News Service

A logo for the INSP News Service in yellow and black

One of the key services the International Network of Street Papers delivers to its members is curated and bespoke editorial support to ensure the betterment and sustainability of street papers as a journalistic product.

The INSP News Service is the umbrella term for INSP’s editorial support mechanisms. Its main outlet is a global news wire serving member street papers worldwide. The news wire provides a platform to collect editorial content created by individual street papers – and sourced from editorial partners – and share them with the entire network. INSP itself also works to create original content to provide increased editorial support to member street papers worldwide.

By providing investigative journalism, commentary and storytelling, INSP and street papers are working to inform the public on a range of important social justice issues affecting society's most vulnerable groups and impacting the world we live in. INSP also works to highlight and publish the voices of marginalised communities around the world, helping to change public opinion, create a fairer more diverse media ecosystem, and form a better understanding of the topics that are close to the hearts of the people street papers exist to serve.

INSP operates a news wire and liaises with street paper editorial staff to manage content from various sources. INSP has formed multiple lasting and valuable editorial partnerships with external agencies, such as Reuters, Thomson Reuters Foundation, Inter Press Service, The Conversation, Next City, Homeless World Cup, Amplifier, Nia Tero, the National Low Income Housing Coalition, Community Change, and more. INSP’s ongoing Housing for the People project seeks to create a pathway into published writing for writers from marginalised backgrounds, providing mentorship, a platform for their voice, and renumeration for their work.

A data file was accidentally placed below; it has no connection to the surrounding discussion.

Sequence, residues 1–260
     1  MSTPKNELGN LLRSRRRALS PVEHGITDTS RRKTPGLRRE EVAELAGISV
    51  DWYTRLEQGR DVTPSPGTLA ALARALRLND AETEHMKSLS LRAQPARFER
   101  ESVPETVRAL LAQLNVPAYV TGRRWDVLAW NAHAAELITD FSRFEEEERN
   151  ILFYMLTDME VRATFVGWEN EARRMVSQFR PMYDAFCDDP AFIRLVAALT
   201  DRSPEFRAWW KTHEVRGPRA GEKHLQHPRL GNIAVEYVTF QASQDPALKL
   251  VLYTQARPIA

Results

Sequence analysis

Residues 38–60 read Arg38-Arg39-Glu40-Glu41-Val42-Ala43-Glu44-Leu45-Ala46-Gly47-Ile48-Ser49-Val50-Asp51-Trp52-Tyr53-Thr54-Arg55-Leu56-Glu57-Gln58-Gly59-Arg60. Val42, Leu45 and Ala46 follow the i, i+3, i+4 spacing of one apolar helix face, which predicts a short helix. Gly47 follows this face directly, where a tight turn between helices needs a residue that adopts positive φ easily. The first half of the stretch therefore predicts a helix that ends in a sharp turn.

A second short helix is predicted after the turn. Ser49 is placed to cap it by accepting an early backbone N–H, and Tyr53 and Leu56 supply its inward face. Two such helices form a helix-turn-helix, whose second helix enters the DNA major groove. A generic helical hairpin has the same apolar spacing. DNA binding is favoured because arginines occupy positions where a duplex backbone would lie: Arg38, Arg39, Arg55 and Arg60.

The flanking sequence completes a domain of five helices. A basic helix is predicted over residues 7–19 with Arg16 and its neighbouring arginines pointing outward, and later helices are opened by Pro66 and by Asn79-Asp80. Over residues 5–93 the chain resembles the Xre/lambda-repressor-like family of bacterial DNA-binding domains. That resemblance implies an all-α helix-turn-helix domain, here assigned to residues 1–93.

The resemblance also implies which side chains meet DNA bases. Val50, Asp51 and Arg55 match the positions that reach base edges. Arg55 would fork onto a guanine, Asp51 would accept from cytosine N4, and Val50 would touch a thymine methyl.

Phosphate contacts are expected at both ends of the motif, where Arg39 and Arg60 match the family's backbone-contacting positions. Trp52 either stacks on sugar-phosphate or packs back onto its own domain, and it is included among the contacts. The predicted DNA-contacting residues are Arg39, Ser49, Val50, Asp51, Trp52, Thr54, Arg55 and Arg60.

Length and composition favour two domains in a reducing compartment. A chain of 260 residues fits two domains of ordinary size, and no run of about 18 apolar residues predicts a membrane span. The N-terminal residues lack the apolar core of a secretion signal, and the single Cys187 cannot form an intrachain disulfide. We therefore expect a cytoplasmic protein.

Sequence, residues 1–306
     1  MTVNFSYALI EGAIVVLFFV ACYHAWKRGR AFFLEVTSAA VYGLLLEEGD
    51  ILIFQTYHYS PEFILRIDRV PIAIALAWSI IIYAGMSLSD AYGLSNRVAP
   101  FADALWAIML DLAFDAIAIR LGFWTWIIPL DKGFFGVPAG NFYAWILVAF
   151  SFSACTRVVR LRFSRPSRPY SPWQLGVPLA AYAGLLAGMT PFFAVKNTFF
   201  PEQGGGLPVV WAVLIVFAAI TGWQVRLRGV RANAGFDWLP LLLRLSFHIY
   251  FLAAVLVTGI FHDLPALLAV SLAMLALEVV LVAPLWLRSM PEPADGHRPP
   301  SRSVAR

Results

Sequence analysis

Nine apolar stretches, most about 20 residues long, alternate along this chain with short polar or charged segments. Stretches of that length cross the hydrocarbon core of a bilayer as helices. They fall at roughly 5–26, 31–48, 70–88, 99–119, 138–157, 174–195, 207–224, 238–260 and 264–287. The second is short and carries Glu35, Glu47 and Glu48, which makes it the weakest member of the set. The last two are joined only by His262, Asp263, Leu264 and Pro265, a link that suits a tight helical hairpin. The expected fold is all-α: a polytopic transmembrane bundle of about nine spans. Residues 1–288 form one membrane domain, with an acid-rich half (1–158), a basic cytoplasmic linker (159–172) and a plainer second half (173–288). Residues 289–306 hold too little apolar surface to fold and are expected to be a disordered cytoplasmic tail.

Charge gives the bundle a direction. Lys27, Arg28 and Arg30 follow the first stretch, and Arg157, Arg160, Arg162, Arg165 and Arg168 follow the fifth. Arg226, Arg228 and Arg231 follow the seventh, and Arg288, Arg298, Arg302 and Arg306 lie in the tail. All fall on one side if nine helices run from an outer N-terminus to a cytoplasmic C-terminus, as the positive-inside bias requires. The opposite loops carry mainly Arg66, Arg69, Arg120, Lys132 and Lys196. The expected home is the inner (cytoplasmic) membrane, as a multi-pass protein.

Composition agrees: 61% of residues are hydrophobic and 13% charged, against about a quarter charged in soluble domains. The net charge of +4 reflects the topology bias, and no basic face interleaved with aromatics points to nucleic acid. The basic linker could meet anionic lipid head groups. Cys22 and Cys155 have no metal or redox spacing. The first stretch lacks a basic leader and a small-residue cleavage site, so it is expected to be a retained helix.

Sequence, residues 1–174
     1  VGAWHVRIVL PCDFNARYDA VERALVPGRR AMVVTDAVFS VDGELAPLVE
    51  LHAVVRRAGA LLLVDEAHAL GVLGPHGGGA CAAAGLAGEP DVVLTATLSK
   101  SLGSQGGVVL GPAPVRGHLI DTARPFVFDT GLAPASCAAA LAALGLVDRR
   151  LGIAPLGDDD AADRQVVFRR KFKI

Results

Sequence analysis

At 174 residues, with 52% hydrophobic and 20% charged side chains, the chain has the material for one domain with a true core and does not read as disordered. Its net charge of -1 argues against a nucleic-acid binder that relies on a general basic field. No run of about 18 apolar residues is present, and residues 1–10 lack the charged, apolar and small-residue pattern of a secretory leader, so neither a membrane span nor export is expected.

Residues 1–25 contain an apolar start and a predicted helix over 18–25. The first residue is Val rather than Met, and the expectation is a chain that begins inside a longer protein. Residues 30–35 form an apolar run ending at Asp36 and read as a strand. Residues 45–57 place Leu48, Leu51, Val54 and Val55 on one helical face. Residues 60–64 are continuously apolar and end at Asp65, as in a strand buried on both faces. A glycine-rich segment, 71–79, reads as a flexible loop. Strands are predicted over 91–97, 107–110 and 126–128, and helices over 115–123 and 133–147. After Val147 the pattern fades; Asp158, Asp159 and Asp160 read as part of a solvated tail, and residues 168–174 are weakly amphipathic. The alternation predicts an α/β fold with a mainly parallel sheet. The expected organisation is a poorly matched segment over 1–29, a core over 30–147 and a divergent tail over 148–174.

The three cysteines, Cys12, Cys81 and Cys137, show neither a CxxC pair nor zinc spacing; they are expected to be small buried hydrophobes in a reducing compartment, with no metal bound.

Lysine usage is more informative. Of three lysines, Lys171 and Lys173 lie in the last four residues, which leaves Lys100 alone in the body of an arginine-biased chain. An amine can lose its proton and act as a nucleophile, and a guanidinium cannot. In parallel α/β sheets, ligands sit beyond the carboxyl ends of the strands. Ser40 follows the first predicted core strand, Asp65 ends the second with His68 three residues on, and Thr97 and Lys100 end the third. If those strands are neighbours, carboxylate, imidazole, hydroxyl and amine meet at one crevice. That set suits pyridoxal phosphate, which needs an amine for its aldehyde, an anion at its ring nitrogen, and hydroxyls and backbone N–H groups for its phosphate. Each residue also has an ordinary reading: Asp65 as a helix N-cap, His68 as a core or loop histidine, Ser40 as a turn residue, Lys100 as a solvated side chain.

An image promoting INSP's editorial support with the slogan: "Untold stories worth hearing"
  • In 2022-23, at least 520 stories were made available to street papers via the News Service.

  • 80% of INSP’s street papers used nearly 2.5 million words from the News Service.

  • Our volunteer translators – of which 145 were utilised in 2022 – translated 185 articles, or almost 250,000 words.

  • INSP supports 260 staff, freelance and volunteer journalists in our network via the News Service to reach 3.2 million readers worldwide.

Support the News Service

The INSP News Service works with and supports journalists and independent media outlets across the world to advance freedom of expression, and support investigative journalism, commentary, and storytelling, that informs the public on a range of important social justice issues affecting the communities and world we live in.

We believe journalism can change lives, perceptions, and society - underpinning democracy for a more equitable world.

The News Service needs your support to continue and expand its work. Join our growing community of donors by making a one-off or regular donation and help us continue to make the change we all want to see in the world. We also welcome enquiries from organisations who are interested in partnering with us.

Read stories from our News Service here.

For INSP members

The INSP News Service in action

The INSP News Service provides us with material we wouldn’t be able to produce ourselves, thus allowing Hecho en Bs. As. to still have an international imprint. Republishing the network’s articles not only makes us a more powerful voice in our city, it proves we are part of something bigger. We are so thankful for having access to this content and being part of this unique community.

Micaela Ortelli, editor, Hecho en Bs. As.
The cover of Washington DC street paper Street Sense depicting Indigenous women leaders

Thanks to the INSP News Service, we are able to republish articles from other street papers in every issue. This makes our magazine unique, rich and reliable, and able to convey vulnerable people’s voice and profound perspectives on common social issues from around the world. I think INSP has established not only a valuable network for street papers, but also an important global journalism network.